“Hey everybody - this is barack,” wrote Reddit user Barack Obama, President of the United States on the popular link-sharing community yesterday, casually launching an “I am a…/Ask Me Anything” thread that gave Reddit’s servers a run for their money, and sparked further contemplation of the idea that crowdsourced interviews will soon render journalists obsolete.
On a campaign stop in Reddit’s hometown of Charlottesville, Virginia, as part of a “swing-state tour of college campuses,” President Obama (screenname: PresidentObama) logged onto the site just before 4:30 pm local time, proved his identity with a tweet and a photo (above), and then spent an hour fielding unfiltered questions from the notoriously rowdy Reddit community.
The open interview has been described as a strategy for circumventing the press to communicate directly with voters, and particularly the young men who are Reddit’s dominant demographic. It has also been presented as a ploy to steal some blog inches away from the Republican National Convention, and, of course, as an attempt to come off as being hip, accessible and able to keep pace with the swift-moving currents of the web.
If these were indeed the goals, PresidentObama knocked it out of the park.
He certainly managed to communicate directly with voters: more than 200 questions had reportedly been posted within the first nine minutes, and 200,000 concurrent visitors crashed the site at one point. Furthermore, it is a good sign that many of the 22,998 commentators and counting appear to have capped their usual vitriol to “bathe in the warm glow of charisma, fame and power.”
Obama also kept the mainstream media on its toes (the appearance was kept a secret) and sent the blogosphere into a frenzy, diverting no small amount of digital attention away from the Republican National Convention hours before the speech of vice-presidential candidate Paul Ryan.
Finally, he made it quite clear that he is down with the ways of the web, both by affirming his support for Internet Freedom (albeit unsatisfactorily, according to several of the comments such as the high-ranking “Then why did you sign ACTA?”), and by gamely making reference to a popular meme known as “Not Bad Obama” (below). The viral comic is based on a photograph of Barack and Michelle Obama both adorning their eveningwear with expressions that say, “not bad” (also below).
After making his excuses to Redditors (“I need to get going so I'm back in DC in time for dinner”), mentioning the power of the Internet for strengthening democracy and loudly REMINDING THEM TO VOTE, the President’s last words on the thread were: “By the way, if you want to know what I think about this whole reddit experience — NOT BAD!”
Obama’s Reddit interview puts him in good company; others who have opened themselves to public interrogation on the platform include Nobel-laureate and New York Times columnist Paul Krugman, television personalities Jimmy Kimmel and Stephen Colbert, and a five year-old on the verge of starting kindergarten. Needless to say, he was the highest-profile celebrity yet to start an AMA thread, and brought Reddit the heaviest influx of simultaneous traffic it had ever experienced.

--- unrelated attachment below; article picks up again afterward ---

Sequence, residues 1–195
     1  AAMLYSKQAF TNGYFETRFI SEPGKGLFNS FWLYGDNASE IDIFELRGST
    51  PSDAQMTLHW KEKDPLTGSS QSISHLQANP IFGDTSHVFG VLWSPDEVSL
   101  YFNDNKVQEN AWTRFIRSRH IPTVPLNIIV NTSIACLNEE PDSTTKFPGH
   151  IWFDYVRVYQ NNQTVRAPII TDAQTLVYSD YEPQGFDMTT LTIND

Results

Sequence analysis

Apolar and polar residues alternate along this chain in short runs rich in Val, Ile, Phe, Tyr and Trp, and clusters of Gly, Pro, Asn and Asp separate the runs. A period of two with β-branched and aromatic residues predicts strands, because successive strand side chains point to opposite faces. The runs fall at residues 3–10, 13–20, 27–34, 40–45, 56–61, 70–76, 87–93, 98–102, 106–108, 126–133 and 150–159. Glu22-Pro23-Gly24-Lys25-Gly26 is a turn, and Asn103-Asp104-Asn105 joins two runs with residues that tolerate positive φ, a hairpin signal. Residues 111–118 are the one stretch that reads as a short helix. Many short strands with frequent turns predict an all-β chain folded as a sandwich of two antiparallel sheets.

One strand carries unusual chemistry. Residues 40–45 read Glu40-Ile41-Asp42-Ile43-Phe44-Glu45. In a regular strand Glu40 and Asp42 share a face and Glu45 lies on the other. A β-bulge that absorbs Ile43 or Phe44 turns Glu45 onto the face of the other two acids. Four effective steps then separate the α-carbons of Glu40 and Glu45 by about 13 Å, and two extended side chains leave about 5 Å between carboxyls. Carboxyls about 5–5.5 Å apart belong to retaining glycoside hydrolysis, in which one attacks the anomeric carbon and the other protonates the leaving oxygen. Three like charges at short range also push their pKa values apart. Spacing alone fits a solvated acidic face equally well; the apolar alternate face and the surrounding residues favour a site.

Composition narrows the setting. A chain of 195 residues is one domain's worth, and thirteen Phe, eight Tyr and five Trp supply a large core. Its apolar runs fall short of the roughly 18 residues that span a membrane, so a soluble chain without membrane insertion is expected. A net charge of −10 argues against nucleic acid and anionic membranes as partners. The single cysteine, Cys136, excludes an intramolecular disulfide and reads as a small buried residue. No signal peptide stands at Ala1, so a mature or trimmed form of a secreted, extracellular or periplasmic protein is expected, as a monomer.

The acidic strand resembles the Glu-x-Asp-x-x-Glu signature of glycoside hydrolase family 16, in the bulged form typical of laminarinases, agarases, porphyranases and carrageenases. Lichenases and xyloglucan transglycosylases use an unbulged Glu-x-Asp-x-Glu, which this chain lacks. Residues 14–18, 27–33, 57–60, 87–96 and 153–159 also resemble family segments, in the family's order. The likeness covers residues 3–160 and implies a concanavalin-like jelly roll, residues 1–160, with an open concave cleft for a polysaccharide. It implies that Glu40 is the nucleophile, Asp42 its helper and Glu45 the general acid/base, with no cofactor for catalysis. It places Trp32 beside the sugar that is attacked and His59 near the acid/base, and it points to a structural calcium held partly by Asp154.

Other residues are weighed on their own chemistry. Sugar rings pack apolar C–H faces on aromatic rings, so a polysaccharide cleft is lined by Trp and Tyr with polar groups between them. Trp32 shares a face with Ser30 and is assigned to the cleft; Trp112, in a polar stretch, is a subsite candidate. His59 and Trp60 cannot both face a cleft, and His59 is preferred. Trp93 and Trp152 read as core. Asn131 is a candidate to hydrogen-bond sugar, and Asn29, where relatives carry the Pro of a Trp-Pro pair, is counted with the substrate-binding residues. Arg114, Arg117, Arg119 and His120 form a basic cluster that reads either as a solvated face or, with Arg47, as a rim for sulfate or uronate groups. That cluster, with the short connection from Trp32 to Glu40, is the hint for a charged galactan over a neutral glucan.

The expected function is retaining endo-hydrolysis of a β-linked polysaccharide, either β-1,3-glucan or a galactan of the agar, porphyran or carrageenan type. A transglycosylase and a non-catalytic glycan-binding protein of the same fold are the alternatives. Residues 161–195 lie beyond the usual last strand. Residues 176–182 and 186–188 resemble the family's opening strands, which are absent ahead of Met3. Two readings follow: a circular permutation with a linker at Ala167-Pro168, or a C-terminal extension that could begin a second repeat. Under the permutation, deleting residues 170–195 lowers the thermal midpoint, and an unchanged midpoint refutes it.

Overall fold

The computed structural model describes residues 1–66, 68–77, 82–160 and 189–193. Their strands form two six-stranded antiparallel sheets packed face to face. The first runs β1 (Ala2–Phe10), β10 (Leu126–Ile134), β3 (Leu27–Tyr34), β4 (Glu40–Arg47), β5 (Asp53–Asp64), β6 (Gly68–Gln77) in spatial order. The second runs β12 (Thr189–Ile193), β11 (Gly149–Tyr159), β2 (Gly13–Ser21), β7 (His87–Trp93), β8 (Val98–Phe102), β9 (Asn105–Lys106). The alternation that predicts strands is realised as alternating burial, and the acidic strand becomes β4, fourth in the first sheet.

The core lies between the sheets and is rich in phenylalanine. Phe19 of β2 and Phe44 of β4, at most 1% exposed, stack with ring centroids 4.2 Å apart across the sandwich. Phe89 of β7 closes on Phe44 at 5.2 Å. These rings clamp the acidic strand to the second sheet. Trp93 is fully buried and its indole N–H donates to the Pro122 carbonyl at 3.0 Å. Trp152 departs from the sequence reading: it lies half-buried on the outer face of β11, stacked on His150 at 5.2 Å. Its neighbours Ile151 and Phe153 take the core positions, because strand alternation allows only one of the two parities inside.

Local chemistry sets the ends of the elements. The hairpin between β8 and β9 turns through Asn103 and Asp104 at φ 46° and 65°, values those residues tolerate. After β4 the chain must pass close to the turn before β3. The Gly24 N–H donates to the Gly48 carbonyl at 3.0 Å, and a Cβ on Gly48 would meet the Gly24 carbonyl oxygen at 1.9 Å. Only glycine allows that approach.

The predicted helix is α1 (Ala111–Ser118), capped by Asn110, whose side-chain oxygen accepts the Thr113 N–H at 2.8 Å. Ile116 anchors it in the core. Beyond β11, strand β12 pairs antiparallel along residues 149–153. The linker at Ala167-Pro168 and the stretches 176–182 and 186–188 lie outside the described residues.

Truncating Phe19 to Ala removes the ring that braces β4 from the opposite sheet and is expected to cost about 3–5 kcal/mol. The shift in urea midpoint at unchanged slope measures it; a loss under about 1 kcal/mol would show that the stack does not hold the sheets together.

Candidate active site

Should Obama's forray onto Reddit be seen as proof that "middlemen" (such as journalists) need no longer come between the public and its representatives, and such platforms are thus rendering the work of professional news outlets redundant when it comes to holding politicians to account?
The short answer is no.
Although the questions were unfiltered and relied on Reddit’s up/down-voting system for prominence, the President was able to choose which ones he wanted to field, how thorough or perfunctory his replies would be, and whether or not to respond to further prompts (the verdict being “not”). As a result, his side of the interview has been described by Alexis Madrigal at the Atlantic as “milquetoast defense after quip after simple explainer.”
As the Editors Weblog has asserted in the past, crowdsourced reporting on sites like Reddit provides an illuminating accompaniment to the work of journalists, and they should ignore these tools at their peril. Alone, however, it risks leaving too many questions hanging in the air.
PresidentObama chose to field questions about small businesses, the space programme, his favourite basketball player, the White House’s beer, the corrupting power of money over politics, the job prospects of young graduates, Internet Freedom, his most difficult decision (the surge in troops to Afghanistan), his spare time and the first thing he will do once the verdict is in on November 7. He chose not to answer questions about the trade embargo with Cuba, Guantanamo Bay, the “revolving door” between the Congress and lobbyists... or whether he thinks “cats are horrible.” You win some, you lose some.
Next up to the plate: RivalRomney.
Image courtesy of PresidentObama.